I’m told writers fall into two categories – plotters and pantsers. Plotters are those who know exactly where their story is going and have it all mapped out before they begin. Pantsers are the ones who plunge straight in and write ‘by the seat of their pants’.
By nature I’m a pantser. I’m allergic to spreadsheets, I detest timelines and never in a million years would I compile a chart with post-it notes summarising each scene. For me the joy of writing is all about discovery. Too much planning would ruin it. I do spend time mulling, however. The ideas stage is both tantalising and satisfying. Often I despair that my head simply won’t come up with the goods. I try to force it by brainstorming and all I achieve is utter exhaustion. Then I pop out for one of my Exmoor walks and – ping! Ideas! Just like those spring leaves and blossoms that you think will never arrive, then suddenly….
You need quite a collection of ideas to sustain you for a whole novel’s-worth of writing. That’s why I’ve been a bit slow embarking on my next book. Happily though, the ideas stage is now done. My characters are there, the plot is (flexible but mostly) there and all sorts of funny little details are queuing up to be included. So now comes the seat-of-pants bit. Now I can explore and experiment to my heart’s content. If it's anything like last time my first draft will be on paper within a matter of weeks (I prefer paper at this stage - that wonderful scribbly freedom!) There will be plenty more to do later: typing up, cutting, adding, rewriting again and again and again. Far more than if I’d planned it to the last full stop. But that’s all part of the process. I’ll keep coming back with fresh eyes and experiment some more until it works.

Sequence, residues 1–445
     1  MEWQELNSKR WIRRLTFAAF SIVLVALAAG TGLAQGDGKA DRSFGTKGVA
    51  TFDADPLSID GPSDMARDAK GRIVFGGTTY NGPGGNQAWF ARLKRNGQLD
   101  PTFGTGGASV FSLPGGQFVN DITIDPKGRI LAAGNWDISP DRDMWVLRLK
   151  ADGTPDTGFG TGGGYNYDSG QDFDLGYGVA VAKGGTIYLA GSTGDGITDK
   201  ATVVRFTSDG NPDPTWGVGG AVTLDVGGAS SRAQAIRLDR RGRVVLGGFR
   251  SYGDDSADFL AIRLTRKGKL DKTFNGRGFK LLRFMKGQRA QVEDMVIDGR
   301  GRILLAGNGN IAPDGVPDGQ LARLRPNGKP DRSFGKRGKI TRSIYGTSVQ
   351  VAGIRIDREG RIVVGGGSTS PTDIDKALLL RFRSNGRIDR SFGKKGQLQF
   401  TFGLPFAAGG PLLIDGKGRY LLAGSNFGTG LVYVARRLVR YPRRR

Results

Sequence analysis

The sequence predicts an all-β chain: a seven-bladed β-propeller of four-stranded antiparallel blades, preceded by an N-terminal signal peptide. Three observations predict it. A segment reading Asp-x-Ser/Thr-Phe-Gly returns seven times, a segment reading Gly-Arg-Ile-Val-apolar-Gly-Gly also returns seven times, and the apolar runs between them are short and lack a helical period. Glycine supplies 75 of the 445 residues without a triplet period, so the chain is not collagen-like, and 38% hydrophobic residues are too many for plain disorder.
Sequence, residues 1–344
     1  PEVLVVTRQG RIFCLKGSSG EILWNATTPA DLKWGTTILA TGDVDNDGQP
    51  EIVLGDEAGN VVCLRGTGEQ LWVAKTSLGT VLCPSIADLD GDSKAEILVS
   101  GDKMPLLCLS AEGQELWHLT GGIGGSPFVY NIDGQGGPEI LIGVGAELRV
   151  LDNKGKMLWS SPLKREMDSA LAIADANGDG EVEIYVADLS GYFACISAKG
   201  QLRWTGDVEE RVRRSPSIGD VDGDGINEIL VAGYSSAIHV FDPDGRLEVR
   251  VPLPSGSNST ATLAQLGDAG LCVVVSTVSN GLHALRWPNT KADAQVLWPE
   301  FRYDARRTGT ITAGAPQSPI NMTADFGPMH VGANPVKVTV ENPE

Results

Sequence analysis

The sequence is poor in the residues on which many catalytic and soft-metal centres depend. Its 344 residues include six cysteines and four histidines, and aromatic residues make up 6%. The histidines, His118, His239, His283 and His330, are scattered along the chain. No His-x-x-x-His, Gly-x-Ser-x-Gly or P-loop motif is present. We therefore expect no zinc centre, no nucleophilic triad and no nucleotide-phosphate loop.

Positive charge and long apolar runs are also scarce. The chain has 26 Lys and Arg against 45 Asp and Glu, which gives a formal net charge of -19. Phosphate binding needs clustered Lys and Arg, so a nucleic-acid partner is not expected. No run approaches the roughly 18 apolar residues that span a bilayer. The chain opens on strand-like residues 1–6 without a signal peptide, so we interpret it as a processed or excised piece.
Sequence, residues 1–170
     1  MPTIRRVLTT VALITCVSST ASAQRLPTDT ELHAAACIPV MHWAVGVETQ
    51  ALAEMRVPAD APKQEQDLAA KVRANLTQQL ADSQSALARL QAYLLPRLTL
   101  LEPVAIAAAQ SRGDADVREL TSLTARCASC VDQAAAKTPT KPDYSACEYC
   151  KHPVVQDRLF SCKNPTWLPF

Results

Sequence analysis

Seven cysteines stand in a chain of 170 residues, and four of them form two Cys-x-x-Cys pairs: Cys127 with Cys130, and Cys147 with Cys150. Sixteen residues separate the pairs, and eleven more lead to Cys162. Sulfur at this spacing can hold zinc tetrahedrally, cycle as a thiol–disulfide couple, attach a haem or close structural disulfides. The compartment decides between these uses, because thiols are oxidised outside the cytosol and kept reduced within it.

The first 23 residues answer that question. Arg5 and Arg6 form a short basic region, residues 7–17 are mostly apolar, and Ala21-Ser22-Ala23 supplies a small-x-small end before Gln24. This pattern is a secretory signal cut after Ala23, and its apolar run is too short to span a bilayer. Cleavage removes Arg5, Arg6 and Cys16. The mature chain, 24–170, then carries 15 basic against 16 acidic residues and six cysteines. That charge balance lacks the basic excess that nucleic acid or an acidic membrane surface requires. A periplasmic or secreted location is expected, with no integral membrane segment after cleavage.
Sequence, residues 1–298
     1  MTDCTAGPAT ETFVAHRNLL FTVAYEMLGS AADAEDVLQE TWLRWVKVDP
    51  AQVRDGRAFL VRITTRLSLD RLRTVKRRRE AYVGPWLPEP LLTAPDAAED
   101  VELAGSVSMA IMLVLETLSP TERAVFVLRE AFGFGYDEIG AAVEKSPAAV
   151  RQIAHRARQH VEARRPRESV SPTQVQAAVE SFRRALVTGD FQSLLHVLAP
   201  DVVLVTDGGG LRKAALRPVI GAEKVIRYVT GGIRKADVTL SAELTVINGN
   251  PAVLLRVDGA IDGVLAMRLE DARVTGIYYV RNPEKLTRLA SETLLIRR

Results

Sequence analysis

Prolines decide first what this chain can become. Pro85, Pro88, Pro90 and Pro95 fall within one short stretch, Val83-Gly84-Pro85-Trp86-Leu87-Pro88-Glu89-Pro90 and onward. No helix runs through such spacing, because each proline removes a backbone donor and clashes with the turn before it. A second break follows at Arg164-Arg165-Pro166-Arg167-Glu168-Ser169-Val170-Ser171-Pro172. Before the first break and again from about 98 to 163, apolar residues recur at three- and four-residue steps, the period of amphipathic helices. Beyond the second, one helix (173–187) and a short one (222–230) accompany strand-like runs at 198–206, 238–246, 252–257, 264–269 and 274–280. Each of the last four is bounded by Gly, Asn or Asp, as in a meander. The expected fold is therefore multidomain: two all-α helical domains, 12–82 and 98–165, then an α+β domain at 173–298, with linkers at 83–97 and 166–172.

The world of harp practice is similar. When there’s a gig coming up – and there are lots this month - I have to repeat the same pieces again and again until I can play them standing on my head (not that I intend to!) Even so, I like to mix it up a bit. Spend some time improvising every day. Learn a new song. Rearrange an accompaniment. Keep myself on my toes. That way I'll never be bored. I may sometimes go off track but I discover unexpected delights and I learn more. It’s all important for keeping the music fresh.
There are many ways of achieving things and we all have our own methods. But I'd recommend exploring and experimenting. It can be a bonus to be a little on the wild side...